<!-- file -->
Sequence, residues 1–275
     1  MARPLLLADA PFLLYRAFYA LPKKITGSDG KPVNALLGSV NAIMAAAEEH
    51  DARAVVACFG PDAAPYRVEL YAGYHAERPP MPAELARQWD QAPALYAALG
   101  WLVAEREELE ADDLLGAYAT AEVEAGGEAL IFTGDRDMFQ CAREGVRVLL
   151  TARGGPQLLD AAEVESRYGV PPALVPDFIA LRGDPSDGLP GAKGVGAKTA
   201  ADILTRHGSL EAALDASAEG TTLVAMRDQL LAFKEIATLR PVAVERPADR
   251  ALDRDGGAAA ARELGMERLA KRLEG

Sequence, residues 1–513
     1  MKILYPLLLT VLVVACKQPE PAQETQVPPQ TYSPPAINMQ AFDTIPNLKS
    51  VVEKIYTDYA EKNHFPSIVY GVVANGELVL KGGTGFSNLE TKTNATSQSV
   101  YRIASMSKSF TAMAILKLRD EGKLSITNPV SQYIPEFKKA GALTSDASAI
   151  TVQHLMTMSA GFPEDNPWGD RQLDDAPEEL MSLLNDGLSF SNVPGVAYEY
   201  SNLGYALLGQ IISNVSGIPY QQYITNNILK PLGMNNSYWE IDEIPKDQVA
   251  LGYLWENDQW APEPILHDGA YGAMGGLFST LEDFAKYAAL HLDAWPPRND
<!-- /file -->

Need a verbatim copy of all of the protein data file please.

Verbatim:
Sequence, residues 1–275
     1  MARPLLLADA PFLLYRAFYA LPKKITGSDG KPVNALLGSV NAIMAAAEEH
    51  DARAVVACFG PDAAPYRVEL YAGYHAERPP MPAELARQWD QAPALYAALG
   101  WLVAEREELE ADDLLGAYAT AEVEAGGEAL IFTGDRDMFQ CAREGVRVLL
   151  TARGGPQLLD AAEVESRYGV PPALVPDFIA LRGDPSDGLP GAKGVGAKTA
   201  ADILTRHGSL EAALDASAEG TTLVAMRDQL LAFKEIATLR PVAVERPADR
   251  ALDRDGGAAA ARELGMERLA KRLEG

Sequence, residues 1–513
     1  MKILYPLLLT VLVVACKQPE PAQETQVPPQ TYSPPAINMQ AFDTIPNLKS
    51  VVEKIYTDYA EKNHFPSIVY GVVANGELVL KGGTGFSNLE TKTNATSQSV
   101  YRIASMSKSF TAMAILKLRD EGKLSITNPV SQYIPEFKKA GALTSDASAI
   151  TVQHLMTMSA GFPEDNPWGD RQLDDAPEEL MSLLNDGLSF SNVPGVAYEY
   201  SNLGYALLGQ IISNVSGIPY QQYITNNILK PLGMNNSYWE IDEIPKDQVA
   251  LGYLWENDQW APEPILHDGA YGAMGGLFST LEDFAKYAAL HLDAWPPRND